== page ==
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Majak Kuany Alier (Right) receiving certificate of completion from Mr. Wada Yasuhiko (Left), deputy Director General for Industrial Development and Public Policy after attending 21-day course on the Role of the Media in Democratic Countries –Access to Information and Function as a Watchdog. Photo taken on February 22, 2023 at JICA Tokyo center (photo: Yukie Muramatsu)

Juba should strengthen existing bilateral ties with Tokyo to promote people-to-people relationships

By Majak Kuany Alier

JUBA, March 3, 2023 – The Republic of South Sudan is the youngest country in the world after achieving independence from Sudan on 9 July 2011 with its capital, Juba.

Juba has since then built mutual diplomatic ties with its immediate neighbors, region, continent, some Asian countries including several western countries and first world nations like America, Japan after becoming a member state to the United Nations and UN security Councils, having obtained its membership without a vote or objection raised by its members on 14 July 2011.

In its pursuit of respect, stability, prosperity, the African third-country oil producer has good friends, including what diplomats have described as “Friends in Need.”

 A friend in need is a friend indeed. The meaning of this adage is that a friend who helps you when you are in trouble is a true friend.

As a journalist and as a person who visited Japan recently, I am here to stress the essence of South Sudan building true friendship with Japan because of the reasons this opinion would like to explore.

Japan has a strong and cohesive society which is the fundamental condition for the smooth development of its cities and prefectures. That is what a 12-year-old country needs to follow its example. Japan, through its international cooperative activities in all countries, aims at promoting a culture of peace.

Among all the First World countries that support the young republic, Japan is one of the countries that has strengthened its development support for South Sudan without any financial strings attached.

Since the independence of the youngest landlocked country in Eastern Africa, Japan has contributed enormously to improving the country’s infrastructure.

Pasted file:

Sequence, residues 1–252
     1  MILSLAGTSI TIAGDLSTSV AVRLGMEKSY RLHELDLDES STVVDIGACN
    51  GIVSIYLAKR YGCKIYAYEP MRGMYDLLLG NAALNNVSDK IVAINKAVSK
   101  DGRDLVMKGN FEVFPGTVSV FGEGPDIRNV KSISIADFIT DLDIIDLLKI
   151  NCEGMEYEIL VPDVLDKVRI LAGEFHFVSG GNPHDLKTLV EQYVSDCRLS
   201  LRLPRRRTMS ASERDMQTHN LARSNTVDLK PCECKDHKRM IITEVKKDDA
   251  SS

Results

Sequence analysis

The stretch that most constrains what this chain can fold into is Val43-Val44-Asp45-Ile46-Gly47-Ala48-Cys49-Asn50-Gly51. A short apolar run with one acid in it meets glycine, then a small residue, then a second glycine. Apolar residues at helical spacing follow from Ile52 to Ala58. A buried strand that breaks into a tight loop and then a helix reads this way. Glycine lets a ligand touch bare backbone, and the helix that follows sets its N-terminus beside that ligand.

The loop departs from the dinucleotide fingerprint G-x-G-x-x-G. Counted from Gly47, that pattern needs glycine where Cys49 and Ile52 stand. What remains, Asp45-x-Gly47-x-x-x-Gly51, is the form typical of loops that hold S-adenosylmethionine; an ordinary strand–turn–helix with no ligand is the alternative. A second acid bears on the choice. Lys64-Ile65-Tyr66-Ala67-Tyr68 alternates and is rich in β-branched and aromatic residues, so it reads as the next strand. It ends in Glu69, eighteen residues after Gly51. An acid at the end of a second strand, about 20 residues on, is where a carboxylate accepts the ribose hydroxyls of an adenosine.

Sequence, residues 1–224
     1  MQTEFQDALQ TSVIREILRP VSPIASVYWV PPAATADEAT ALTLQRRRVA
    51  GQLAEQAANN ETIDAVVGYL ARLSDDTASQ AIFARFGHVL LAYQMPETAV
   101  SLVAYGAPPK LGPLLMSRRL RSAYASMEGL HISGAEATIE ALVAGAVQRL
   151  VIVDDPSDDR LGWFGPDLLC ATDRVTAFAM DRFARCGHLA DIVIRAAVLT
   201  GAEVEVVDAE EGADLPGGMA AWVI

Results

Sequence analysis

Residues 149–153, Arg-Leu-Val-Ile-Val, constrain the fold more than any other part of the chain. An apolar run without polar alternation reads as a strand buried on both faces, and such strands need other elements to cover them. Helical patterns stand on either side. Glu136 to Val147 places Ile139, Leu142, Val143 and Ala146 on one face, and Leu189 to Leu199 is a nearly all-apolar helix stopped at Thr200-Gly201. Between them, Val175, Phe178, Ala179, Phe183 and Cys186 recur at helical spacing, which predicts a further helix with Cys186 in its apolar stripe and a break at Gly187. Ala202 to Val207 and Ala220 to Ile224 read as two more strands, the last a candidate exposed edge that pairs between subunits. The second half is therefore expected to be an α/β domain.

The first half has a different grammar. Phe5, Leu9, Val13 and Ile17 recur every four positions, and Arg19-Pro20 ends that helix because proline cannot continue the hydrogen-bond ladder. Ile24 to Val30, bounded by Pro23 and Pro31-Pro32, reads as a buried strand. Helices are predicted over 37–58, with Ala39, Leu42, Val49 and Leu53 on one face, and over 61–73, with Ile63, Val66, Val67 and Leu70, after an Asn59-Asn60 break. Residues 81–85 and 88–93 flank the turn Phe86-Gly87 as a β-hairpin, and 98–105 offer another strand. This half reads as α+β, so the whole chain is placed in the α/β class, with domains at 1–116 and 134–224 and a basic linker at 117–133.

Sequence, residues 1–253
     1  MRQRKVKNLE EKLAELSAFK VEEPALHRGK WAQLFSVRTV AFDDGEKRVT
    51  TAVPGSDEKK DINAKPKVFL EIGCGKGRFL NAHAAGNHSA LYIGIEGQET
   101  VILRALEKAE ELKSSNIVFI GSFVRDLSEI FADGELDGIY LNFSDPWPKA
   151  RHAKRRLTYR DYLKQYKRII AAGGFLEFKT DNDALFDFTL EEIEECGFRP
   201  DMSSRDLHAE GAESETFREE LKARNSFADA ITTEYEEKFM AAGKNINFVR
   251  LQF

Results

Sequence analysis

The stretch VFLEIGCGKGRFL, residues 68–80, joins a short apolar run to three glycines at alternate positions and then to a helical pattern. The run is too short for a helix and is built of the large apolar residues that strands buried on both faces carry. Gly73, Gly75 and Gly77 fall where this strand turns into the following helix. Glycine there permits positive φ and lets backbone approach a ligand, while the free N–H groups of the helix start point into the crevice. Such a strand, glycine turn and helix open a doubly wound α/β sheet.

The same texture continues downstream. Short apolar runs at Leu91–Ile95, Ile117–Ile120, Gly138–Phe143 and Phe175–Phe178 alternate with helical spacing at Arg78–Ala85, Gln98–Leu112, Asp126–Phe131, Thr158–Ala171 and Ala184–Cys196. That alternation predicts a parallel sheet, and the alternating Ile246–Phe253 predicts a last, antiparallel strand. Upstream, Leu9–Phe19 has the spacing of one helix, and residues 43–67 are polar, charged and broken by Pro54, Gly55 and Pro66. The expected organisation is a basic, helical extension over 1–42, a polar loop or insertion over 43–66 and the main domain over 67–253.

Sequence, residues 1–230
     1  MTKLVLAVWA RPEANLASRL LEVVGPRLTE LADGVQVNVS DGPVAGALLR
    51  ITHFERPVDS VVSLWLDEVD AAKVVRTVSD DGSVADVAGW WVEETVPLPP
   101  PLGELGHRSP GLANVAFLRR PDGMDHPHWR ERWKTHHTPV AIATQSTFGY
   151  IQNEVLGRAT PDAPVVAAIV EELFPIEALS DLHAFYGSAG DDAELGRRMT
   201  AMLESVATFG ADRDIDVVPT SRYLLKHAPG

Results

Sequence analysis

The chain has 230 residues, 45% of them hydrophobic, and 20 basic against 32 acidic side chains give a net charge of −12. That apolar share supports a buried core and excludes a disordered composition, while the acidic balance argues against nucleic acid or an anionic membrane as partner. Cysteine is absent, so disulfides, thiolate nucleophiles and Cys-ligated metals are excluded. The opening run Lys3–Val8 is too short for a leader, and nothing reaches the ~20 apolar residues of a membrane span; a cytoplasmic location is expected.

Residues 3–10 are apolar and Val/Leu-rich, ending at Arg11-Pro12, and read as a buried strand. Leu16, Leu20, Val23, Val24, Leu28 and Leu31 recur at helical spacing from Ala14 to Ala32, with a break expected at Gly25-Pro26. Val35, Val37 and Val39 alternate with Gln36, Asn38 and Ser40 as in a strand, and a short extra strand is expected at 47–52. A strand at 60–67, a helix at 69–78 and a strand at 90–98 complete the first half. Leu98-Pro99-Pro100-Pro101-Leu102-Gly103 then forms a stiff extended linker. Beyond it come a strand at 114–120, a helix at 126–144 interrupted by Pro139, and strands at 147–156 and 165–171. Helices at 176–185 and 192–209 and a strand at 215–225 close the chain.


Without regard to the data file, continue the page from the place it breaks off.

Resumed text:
The dividends from these projects include, Juba Freedom Bridge that was built with an estimated 90 million US dollars. Under the Improvement of Basic Economy and Social Infrastructure. There are other three projects incorporated into this project.

Japan is also strengthening capacity development of South Sudan Broadcasting Cooperation (SSBC) under its project of Strengthening Governance and Security.

I can mention all the projects Japan is doing in South Sudan, but it is not the essence of this article rather the piece is to hint to some of the activities the young nation is benefiting from the Japanese taxpayers. Therefore, it is good to have a people-to-people merit and this can be achieved through establishing a strong embassy in Tokyo to promote political, cultural and social relationships between the two countries. South Sudan is yet to have a fully serviceable embassy despite having assigned ambassador, consular including the minister plenipotentiary.  The embassy will be able to lobby the government of Japan to increase scholarships to our students interesting to study either for undergraduates or postgraduates’ programs.

Japan is a country that has only met its commitments through tangible results since 2007. In all the projects they have financed in South Sudan, they have spent over an estimated $700 million from Japanese taxpayers.

During my recent visit to Tokyo, our embassy staff lack the necessary mobility. This makes it difficult for the Ambassador and other staff members to visit the Tokyo JICA Centre frequently to meet with South Sudanese participants, as do other embassies.

Each month, JICA Tokyo welcomes a lot of participants from all different fields from different regions of the world. In which the participants of South Sudan are still the majority, Kosovo follows.

During our 21-day course in Tokyo on the role of the media in democratic countries –Access to Information and Function as a watchdog, South Sudan had five out of the 15 participants from eight countries.

Three days before we were to leave Tokyo a number of 12 South Sudanese local chiefs from three regions namely greater Equatoria, Upper Nile and Bahr el Ghazal were participating in a capacity building of state and county government for local development and community rebuilding.

Imagine that number of participants with a cost of over US$1,600 in airfare per person plus accommodation, food, living allowance, including medical insurance card for one country alone. I believe our participants will return to South Sudan with a wealth of knowledge, skills, and they will share their learning experiences on how the Tokyo peace model can be applied in our country amid our quest for peaceful coexistence.

It is this sense that I strongly urge our country’s leadership, especially the ministry of foreign affairs and international cooperation to equally give priority to Japan in completing the full setup of the embassy in Tokyo like they have done to other embassies in the world.

The presentation of each country’s embassy is to build a robust people-to-people relationship because governments come and go but people will always remain at the center of the sustainable mutual ties.

The writer is a South Sudanese seasoned journalist, he currently serves as a Secretary General for the Union of Journalists of South Sudan (UJOSS). He can be reached via or call at +211925848660.

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